After starting my day all alone at Cape Royal, and knowing that the North Rim receives one-tenth the number of visitors as the South Rim, I was positively surprised by the number of people hanging out at Bright Angel Point. It turns out, a lot of people had made that long drive.
The most popular viewpoint in this part of the park is just beyond the North Rim Lodge. The trek to Bright Angel Point requires a short walk atop a narrow rock “knife”. While the path is paved, it’s still challenging, with some steep ups and downs. Maybe I was winded because of the altitude, or my lack of sleep from the previous night’s drive.
While Bright Angel Point is a great walk out to a breathtaking, knee-weakening viewpoint, it’s not a trail to take if you’re seeking solitude. There were people everywhere–most of whom seemed oblivious to everyone else around them. I can forgive them: the canyon is a pretty big distraction.
Instead of standing by the crowded railing, take a risk and climb up on the rocks at the end of the trail, directly above the viewpoint. I smiled as kids watched below, started to follow my lead, only to receive a stern word from their mothers. “If it’s unsafe, how ‘come he’s doing it?” Hehehe.
The view is really great up there. On your right side is The Transept (above), a narrow canyon with beautifully eroded walls. To the left is Roaring Springs Canyon.
And of course, directly in front of you is the canyon. The South Rim is just about 10 miles away. With the naked eye, you can’t see any of the cars or buildings on the south side, unless the sunlight reflects off a shuttle bus at exactly the right angle.
[tmt_info =””]While the South Rim is only about 10 miles (as the crow flies) from the North Rim, it’s a 211 mile, 4-hour drive between the two points. The closest Colorado River crossing upstream is Navajo Bridge, on US 89. Downstream, the closest crossing is Hoover Dam, which would require a 541 mile drive.[/tmt_info]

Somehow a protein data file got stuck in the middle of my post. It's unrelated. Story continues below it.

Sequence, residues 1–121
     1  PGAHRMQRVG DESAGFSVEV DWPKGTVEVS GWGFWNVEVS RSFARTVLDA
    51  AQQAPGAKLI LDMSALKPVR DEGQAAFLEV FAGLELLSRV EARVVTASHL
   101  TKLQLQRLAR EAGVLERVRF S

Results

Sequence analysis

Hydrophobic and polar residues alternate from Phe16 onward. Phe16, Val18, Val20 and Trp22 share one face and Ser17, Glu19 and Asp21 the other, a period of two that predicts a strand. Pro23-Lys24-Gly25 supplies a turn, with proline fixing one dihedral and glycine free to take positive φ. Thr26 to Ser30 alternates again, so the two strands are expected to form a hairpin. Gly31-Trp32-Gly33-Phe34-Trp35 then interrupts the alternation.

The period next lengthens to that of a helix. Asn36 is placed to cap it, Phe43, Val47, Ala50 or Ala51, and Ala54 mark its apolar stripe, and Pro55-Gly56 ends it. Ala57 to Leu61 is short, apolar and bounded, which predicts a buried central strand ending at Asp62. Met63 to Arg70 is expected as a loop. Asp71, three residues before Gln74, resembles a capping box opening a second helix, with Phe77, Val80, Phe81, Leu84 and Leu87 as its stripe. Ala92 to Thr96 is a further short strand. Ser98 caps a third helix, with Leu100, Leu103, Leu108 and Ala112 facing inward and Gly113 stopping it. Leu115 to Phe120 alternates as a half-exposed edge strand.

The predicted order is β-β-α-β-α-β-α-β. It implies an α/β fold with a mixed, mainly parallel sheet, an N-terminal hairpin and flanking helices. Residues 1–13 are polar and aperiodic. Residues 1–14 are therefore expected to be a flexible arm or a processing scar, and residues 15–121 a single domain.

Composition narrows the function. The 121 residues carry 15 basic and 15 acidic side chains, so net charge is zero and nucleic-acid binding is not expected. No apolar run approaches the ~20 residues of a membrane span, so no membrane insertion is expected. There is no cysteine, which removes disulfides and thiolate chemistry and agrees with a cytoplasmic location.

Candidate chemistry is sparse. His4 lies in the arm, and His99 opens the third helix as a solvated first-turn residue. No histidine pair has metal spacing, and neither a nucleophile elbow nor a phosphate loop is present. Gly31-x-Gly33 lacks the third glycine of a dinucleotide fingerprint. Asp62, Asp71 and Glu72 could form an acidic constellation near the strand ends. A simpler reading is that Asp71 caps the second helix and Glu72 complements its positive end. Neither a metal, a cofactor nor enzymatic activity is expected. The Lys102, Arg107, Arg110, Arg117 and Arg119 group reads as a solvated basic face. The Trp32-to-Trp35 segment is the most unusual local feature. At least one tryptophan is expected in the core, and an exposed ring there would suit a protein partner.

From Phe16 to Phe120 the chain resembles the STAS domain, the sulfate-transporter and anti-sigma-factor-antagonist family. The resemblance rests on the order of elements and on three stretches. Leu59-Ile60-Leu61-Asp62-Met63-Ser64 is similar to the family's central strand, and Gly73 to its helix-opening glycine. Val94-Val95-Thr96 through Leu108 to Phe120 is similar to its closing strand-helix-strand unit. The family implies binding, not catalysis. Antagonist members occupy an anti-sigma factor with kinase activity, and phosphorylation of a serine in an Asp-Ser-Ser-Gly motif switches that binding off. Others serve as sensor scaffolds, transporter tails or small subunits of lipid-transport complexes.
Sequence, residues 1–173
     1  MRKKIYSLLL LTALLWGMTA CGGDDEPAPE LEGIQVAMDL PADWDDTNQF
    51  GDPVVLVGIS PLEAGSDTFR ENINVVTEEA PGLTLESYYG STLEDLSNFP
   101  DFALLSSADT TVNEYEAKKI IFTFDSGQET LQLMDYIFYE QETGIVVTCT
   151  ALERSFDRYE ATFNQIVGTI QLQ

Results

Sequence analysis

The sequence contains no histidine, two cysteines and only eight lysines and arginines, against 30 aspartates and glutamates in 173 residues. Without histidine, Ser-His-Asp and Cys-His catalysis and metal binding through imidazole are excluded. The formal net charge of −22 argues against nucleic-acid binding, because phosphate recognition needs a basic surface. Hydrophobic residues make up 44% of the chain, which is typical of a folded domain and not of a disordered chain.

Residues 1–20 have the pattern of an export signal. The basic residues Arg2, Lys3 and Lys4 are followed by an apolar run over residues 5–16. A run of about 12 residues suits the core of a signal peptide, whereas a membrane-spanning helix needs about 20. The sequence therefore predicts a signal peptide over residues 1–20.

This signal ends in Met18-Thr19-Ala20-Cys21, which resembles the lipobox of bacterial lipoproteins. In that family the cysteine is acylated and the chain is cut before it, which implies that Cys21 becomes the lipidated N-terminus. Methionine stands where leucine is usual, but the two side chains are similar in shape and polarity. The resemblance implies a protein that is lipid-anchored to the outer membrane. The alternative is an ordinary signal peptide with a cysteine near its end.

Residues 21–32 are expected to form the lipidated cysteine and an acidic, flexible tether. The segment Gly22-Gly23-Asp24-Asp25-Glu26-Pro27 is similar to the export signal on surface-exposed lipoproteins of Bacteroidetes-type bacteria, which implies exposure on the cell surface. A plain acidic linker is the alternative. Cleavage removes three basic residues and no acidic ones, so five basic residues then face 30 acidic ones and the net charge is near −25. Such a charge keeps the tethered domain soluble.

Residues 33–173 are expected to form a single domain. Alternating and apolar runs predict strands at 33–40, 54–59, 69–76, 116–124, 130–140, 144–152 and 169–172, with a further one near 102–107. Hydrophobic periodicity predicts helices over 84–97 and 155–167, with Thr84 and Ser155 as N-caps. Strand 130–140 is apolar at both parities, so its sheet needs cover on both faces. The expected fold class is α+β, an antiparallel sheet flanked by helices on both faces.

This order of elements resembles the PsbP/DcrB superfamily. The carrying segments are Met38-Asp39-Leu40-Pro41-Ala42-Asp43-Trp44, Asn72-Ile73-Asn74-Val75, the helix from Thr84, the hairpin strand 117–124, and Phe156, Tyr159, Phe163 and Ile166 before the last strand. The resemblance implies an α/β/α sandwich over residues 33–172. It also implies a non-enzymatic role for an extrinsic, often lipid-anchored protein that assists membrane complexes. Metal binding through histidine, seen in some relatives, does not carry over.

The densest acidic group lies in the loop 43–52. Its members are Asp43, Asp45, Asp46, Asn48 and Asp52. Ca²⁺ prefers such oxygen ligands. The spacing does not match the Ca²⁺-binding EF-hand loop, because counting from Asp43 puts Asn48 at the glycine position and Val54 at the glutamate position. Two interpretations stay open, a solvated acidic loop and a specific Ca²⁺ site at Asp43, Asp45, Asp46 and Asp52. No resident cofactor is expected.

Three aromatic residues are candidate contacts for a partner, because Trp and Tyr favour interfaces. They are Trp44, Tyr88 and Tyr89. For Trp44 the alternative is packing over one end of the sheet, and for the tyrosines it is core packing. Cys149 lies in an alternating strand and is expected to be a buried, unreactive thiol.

Okay, enough of all this hiking. It’s time to relax for a few minutes, and there’s no better place than the lounge at the North Rim Lodge. Here, you can sink into leather seats and gaze out three huge windows.
Be sure to pay homage to Brighty, the canyon’s famous burro. Brighty isn’t just a legend–he really did live here, around the turn of the 20th century. Brighty hauled water from a spring to the North Rim, and was notoriously friendly to children. He was also the first creature to cross the suspension bridge at the bottom of the canyon, he hunted mountain lion with President Theodore Roosevelt, and apparently at some point, he solved a murder.† Such a creature is definitely worthy of a life-sized bronze statue!
[tmt_info =””]Brighty’s fame goes far beyond the North Rim. His story provided the inspiration for a book by Marguerite Henry, and in 1967, that book became a movie, “Brighty and the Grand Canyon“.[/tmt_info]
At this point, I probably should have taken a seat in the lodge’s dining room and enjoyed a proper lunch. Instead, I opted for a quick sandwich from a deli-style fast food store, in a building near the lodge. The sandwich was soggy, pre-packaged, and flavorless. There were flies everywhere. No one had taken the initiative to wipe down the tables in quite some time. The restaurant wouldn’t have been much more expensive, and immensely more pleasurable. Filled with regret, I hit the road.
The park entrance road looked completely different in daylight. Who knew I was driving through rolling, high-country meadows when I passed by here, about 8 hours earlier?
[tmt_info =””]Take the main road back out to US Alt-89. For the short route to Zion National Park, take a left, head to Fredonia, then go north to US 89, and head west. I decided to take the long way around, by making a right on Alt-89, crossing the Colorado at Navajo Bridge, then driving through Page, AZ before headed to Zion.[/tmt_info]
Note: This trip was first published in 2007.